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Thomas Cure’s legacy remembered with special beer

London SE1 website team

Representatives of a wide range of local organisations gathered at Southwark Cathedral on Tuesday for the annual service of Choral Evensong to commemorate Thomas Cure, the Elizabethan benefactor who founded local almshouses.

Thomas Cure’s legacy remembered with special beer
Vicky O'Donnell preparing the floral display in front of Thomas Cure's tomb

Today more than 70 former Southwark residents continue to benefit from the legacy of Thomas Cure – master saddler to three monarchs.

Cure (who died in May 1588) founded almshouses for the poor of St Saviour's parish which stood for nearly three centuries in Park Street before the railways forced their move to West Norwood. For the last ten years the almshouses have continued in modern form in Purley.

This year's commemoration organised by United St Saviour's Charity had an extra twist – after the service the congregation was able to sample 'St Saviour's Cure' – a specially brewed bitter produced by the Southwark Brewing Co in Druid Street.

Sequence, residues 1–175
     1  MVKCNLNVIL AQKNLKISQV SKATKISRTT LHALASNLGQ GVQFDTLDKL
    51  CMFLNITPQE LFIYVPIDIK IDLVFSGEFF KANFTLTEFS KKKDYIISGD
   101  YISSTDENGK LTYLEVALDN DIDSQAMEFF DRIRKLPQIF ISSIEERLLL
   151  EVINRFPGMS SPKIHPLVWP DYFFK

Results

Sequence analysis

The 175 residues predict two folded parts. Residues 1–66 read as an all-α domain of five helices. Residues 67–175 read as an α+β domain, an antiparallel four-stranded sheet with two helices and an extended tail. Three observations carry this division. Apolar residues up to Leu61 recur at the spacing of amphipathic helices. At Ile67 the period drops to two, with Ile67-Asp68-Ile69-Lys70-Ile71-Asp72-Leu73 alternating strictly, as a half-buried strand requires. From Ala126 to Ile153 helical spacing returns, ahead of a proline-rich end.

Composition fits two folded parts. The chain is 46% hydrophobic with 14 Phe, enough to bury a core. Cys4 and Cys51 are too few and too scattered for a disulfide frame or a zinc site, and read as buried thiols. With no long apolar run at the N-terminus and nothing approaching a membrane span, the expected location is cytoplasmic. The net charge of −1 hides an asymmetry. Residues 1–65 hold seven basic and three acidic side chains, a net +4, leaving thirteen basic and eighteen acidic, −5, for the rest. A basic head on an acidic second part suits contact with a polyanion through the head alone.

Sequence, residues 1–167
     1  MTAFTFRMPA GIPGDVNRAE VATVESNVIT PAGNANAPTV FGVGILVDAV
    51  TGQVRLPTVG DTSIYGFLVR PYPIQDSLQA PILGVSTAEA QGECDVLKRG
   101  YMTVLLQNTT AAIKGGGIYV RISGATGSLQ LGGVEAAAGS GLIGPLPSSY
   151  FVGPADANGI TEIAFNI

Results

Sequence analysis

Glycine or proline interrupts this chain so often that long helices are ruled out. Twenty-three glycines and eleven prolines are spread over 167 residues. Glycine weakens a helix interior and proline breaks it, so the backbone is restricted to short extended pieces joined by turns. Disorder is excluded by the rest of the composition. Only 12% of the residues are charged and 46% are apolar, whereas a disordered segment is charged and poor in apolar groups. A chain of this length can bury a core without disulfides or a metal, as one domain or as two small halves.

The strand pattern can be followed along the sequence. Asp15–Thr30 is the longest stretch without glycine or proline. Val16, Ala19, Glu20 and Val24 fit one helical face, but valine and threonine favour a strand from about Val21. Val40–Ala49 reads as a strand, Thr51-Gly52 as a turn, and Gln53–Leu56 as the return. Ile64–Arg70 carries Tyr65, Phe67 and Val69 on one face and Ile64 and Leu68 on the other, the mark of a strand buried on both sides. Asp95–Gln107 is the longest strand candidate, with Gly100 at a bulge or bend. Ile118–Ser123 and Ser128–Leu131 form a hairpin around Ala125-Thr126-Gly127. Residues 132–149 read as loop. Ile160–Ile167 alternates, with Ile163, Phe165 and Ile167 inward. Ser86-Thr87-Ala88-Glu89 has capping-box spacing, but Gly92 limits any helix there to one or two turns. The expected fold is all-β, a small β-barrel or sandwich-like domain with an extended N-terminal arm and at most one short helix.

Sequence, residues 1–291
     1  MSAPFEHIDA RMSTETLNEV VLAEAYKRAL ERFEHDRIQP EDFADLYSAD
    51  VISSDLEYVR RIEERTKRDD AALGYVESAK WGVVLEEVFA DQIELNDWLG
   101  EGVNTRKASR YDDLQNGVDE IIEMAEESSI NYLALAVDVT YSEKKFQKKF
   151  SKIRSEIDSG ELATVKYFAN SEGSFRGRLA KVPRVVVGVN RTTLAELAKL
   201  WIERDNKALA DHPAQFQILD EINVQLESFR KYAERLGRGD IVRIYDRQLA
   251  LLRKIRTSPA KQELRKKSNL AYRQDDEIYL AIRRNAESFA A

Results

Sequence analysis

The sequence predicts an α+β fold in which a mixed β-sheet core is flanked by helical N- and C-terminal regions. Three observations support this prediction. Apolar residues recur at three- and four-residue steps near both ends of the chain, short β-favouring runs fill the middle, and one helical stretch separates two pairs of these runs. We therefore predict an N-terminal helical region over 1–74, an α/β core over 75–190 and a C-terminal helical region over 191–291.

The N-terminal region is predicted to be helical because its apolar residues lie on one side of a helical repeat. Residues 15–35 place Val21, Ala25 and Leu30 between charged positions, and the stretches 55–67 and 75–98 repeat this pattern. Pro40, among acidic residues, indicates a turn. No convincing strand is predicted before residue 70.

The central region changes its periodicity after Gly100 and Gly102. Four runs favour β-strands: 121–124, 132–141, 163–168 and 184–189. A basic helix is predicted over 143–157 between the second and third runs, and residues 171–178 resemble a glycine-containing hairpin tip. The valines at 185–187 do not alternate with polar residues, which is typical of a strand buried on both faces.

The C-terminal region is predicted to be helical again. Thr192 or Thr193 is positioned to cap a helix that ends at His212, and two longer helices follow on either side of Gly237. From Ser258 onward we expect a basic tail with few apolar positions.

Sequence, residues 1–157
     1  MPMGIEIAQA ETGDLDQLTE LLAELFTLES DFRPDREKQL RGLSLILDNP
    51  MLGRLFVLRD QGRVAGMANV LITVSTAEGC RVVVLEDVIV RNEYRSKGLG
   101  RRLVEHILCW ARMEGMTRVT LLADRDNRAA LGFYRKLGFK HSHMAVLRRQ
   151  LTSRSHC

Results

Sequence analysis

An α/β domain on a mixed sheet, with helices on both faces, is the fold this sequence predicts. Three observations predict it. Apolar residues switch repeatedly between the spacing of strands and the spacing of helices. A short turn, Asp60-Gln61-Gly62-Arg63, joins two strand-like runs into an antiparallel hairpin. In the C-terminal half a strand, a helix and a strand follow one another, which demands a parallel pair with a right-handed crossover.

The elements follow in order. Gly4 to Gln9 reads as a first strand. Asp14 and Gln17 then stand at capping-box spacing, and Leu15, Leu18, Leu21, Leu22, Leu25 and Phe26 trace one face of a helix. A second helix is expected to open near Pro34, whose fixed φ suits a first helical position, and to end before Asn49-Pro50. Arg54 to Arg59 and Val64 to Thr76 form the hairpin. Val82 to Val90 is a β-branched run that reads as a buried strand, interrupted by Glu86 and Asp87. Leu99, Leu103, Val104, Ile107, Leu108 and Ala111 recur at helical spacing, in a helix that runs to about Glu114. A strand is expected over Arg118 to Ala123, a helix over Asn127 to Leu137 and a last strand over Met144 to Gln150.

The service was attended by the Mayor of Southwark Cllr Dora Dixon-Fyle and Billy Dove, chief commoner of the City of London.

At the end of the service descendants of Thomas Cure, joined by the chairman of the charity Richard Heaton CB, laid a wreath to complete the flower arrangement at Thomas Cure's tomb designed by Bermondsey resident Vicky O'Donnell, who has trained to be a qualified florist with the support of Big Local South Bermondsey Partnership.

"Thomas Cure is an important part of Southwark's history, but very much part of its future," said Richard Heaton.

"His gift to the borough remains relevant to this day, and by building new almshouses for Southwark's older people, we can ensure his intentions will be met for at least another hundred years."

United St Saviour's Charity is planning to build 57 'modern almshouses' in Bermondsey on the site of the former care home at the corner of Southwark Park Road and Reverdy Road.

The new homes could be ready as soon as 2017 and will be funded by Delancey, developers of the 185 Park Street scheme in Bankside, in lieu of on-site affordable housing.

As well as running its Purley almshouses, the charity also looks after the Hopton's Almshouses in Bankside and gives grants of more than £600,000 a year to community projects in North Southwark.

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